Parent speaks out about allowing high school sports during pandemic

By: Mark Vest | West Bloomfield Beacon | Published November 5, 2020

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WEST BLOOMFIELD — You can count local author Mike Isenberg as one who is not in favor of the decision to allow certain sports.

Isenberg’s work as an author includes two “If These Walls Could Talk” books, one featuring Detroit Tigers’ stories and the other centering on the Detroit Lions.

One of Isenberg’s points of contention is that West Bloomfield High School students are not currently getting an in-person education due to COVID, yet sports are still allowed.

“They’re getting a lesser education, there’s no two ways about it,” Isenberg said. “And if that’s what it has to be because we have to keep the kids safe, OK. But why in the world are we letting football players play, or other sports, too? Ludicrous.”

At press time, the MHSAA boys and girls basketball seasons were scheduled to go forward, and that decision has gotten Isenberg’s attention.

He shared his rationale for his disagreement with that decision.

“If I’m sweating, I wipe my face, and then you pass me the ball, now my sweat’s on the ball, and now it’s in your hands,” Isenberg said. “I think that there’s a lot of danger in basketball that people don’t realize. I would argue that basketball and football are the two biggest concerns. … It just seems ludicrous to me that we’re (going to) take a risk on that.”

WBSD Superintendent Dr. Gerald Hill said, “We’ve been going along with what the MHSAA guidance has been and following their protocols.”

“(The) MHSAA is getting a lot of feedback from various parties,” Hill said. “Right now, they’re saying we’re (going to) go forward with winter sports, starting sometime in November, but there’s been a lot of discussions, I’ll put it that way, statewide, with the Michigan High School Athletic Association. They continually analyze that aspect of it.”

The fact that winter sports are played inside has not escaped Hill’s attention.

“The challenge, of course right, now: most of the fall sports were outside,” he said. “The winter sports are inside sports. That presents a little different challenge.”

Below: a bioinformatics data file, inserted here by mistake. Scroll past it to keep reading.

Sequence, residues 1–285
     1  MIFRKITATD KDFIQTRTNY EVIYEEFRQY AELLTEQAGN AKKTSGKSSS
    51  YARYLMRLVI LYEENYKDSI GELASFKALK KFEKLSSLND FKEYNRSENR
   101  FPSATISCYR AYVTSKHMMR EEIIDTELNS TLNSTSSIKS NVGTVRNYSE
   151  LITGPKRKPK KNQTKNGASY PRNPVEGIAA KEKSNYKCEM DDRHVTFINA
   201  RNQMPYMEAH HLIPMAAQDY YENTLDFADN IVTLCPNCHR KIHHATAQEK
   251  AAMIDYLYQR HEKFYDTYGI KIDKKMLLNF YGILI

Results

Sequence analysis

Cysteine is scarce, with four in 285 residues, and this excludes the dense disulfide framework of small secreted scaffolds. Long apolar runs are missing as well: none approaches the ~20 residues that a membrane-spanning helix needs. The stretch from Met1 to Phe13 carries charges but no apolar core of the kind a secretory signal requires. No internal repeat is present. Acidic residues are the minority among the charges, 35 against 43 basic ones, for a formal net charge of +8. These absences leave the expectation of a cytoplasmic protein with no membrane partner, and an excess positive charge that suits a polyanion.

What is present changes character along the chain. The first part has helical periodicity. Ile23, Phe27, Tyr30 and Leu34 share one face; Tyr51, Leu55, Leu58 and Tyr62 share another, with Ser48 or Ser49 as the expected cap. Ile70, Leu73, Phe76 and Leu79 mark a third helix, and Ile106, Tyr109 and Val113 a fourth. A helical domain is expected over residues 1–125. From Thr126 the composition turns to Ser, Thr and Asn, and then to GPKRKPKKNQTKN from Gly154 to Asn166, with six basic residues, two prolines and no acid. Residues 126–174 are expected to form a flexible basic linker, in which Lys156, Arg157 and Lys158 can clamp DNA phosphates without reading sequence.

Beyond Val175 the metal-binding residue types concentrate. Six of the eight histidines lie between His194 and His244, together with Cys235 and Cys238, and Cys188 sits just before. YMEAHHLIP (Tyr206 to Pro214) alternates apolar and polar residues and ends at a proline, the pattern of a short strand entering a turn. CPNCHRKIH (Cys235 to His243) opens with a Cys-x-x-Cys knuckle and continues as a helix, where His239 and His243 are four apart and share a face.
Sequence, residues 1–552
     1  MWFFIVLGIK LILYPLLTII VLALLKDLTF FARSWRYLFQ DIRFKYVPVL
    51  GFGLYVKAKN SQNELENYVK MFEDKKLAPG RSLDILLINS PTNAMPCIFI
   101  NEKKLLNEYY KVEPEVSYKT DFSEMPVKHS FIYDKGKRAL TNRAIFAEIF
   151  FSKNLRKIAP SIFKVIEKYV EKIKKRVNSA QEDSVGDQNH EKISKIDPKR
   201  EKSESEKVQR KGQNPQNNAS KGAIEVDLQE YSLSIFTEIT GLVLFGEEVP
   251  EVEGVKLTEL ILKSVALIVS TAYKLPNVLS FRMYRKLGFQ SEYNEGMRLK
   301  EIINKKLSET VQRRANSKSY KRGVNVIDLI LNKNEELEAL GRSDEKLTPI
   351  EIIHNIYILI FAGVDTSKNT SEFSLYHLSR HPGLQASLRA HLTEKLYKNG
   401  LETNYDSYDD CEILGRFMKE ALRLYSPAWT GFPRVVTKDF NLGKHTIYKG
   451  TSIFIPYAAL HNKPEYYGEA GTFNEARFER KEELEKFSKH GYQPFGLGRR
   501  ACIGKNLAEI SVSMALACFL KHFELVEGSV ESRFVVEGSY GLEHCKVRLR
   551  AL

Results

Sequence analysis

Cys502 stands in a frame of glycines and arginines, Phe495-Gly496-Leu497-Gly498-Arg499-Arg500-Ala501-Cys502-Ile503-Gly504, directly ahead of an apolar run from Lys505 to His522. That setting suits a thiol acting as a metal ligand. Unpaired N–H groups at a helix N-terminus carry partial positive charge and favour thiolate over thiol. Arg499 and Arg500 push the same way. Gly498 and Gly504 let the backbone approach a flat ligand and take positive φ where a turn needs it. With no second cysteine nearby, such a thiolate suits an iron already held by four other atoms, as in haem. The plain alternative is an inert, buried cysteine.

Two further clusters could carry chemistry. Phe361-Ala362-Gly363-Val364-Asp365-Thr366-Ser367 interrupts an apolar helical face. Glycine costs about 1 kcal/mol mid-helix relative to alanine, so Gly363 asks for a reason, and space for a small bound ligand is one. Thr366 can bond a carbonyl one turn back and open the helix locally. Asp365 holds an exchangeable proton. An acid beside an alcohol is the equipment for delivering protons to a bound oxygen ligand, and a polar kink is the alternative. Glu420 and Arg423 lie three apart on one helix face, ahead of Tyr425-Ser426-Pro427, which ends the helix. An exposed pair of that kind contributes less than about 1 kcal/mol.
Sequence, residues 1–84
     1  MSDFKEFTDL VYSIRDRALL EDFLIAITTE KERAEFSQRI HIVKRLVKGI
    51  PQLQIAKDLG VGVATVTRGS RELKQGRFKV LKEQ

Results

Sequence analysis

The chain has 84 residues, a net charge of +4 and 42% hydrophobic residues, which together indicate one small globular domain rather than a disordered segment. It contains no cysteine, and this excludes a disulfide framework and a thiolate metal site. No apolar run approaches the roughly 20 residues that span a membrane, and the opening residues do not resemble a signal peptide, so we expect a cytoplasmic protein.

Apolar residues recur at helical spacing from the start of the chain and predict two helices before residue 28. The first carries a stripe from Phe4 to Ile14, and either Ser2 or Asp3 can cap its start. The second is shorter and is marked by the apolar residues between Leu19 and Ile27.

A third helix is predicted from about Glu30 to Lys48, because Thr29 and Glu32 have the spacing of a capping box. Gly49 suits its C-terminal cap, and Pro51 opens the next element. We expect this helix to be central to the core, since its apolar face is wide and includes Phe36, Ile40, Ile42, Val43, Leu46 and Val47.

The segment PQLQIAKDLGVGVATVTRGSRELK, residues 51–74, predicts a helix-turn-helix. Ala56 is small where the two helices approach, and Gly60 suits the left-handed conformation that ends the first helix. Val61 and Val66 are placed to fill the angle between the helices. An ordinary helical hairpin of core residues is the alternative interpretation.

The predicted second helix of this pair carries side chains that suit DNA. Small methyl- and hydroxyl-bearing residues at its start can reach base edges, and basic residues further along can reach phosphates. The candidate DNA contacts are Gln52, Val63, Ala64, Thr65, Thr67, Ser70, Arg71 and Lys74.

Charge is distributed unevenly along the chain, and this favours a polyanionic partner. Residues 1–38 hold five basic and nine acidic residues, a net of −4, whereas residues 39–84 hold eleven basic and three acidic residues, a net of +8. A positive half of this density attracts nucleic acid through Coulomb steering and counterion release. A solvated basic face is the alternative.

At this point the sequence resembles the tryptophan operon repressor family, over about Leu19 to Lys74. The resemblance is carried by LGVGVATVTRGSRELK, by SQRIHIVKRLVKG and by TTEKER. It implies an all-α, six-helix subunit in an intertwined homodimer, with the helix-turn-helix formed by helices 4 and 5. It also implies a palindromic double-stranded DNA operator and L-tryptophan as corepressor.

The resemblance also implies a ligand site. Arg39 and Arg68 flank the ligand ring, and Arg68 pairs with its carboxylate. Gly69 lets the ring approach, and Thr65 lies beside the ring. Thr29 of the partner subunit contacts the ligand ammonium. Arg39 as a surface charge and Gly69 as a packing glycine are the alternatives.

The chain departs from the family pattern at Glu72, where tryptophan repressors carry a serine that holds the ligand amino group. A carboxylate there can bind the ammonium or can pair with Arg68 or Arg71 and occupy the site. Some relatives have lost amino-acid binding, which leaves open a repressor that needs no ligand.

Isenberg’s daughter is currently a senior at West Bloomfield. He said she is “very involved” with high school theater but can’t currently participate “because the school’s not doing it.”

“It’s insulting. … You can do plays and you can distance the people. All we care about, though, is the sports. As long as they play, we don’t care. And that’s a lousy attitude,” Isenberg said.

Isenberg’s disagreement with the decision extends beyond a real or perceived double standard.

He said he’s concerned about the sports players. “These are student-athletes; they’re not athlete-students. … They are high school kids, and to expose them to this … I’m concerned about the athletes from a health standpoint. And from a fairness standpoint, I’m concerned about people like my daughter.”

Geoff Kimmerly, of the MHSAA, said players “have to have some sort of face covering” that covers both the nose and the mouth during game action and while on the bench.

Whether or not players test positive for COVID is information the MHSAA may not be privy to.

“The (county) health department makes certain decisions on if a team needs to quarantine the entire team or just a pot of players,” Kimmerly said. “There’s a whole bunch of factors. … Schools aren’t required to tell us that they had a COVID case.”

Stacy Brickman, who is the West Bloomfield School District Board of Education president, weighed in on the MHSAA’s decision.

“We know that extracurricular athletics and activities are important to our students, and in many ways, they are their favorite part of school,” Brickman wrote via email. “Our student-athletes and coaches know that following the strict safety measures both on and off the field will help to ensure that everyone will be able to safely play the sport that they love.”

However, with COVID-19, Isenberg prefers a “better safe than sorry” approach.

“I would at least delay everything until January and see what happens,” he said. From his perspective, it seems contradictory to allow sports but not school. “Anybody who would look at that would see that’s a hundred percent unreasonable.”

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